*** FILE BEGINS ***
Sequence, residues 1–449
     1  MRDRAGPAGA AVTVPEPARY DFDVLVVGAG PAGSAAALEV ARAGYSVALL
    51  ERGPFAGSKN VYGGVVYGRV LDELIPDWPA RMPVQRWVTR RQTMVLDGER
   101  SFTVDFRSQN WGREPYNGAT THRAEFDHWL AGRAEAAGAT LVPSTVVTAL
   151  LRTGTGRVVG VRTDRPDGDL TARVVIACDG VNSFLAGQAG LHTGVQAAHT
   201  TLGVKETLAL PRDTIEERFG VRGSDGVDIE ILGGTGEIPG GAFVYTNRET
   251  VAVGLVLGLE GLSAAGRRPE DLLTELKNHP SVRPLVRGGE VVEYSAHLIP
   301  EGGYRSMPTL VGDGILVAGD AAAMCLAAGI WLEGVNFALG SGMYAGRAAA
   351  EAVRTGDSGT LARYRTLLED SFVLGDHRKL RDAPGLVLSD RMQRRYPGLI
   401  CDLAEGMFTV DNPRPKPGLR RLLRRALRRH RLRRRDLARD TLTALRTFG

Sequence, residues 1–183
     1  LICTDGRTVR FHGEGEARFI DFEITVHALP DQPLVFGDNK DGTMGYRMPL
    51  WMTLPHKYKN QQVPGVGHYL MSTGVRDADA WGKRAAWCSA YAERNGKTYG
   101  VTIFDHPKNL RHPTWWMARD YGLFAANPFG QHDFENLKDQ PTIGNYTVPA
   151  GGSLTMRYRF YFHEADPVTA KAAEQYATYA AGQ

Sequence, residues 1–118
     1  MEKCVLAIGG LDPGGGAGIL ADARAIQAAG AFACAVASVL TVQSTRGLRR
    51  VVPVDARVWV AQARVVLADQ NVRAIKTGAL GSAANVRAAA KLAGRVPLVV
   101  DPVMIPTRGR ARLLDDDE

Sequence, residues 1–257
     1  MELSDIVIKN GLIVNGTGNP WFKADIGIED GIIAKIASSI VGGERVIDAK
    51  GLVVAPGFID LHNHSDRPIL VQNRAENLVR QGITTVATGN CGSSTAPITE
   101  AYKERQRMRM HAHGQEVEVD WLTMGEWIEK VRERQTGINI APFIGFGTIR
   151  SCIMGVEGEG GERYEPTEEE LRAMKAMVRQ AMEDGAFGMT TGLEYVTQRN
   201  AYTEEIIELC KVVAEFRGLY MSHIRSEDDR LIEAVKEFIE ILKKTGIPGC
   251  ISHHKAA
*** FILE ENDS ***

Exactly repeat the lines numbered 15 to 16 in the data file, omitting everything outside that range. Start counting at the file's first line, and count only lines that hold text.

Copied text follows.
   151  GGSLTMRYRF YFHEADPVTA KAAEQYATYA AGQ

Sequence, residues 1–118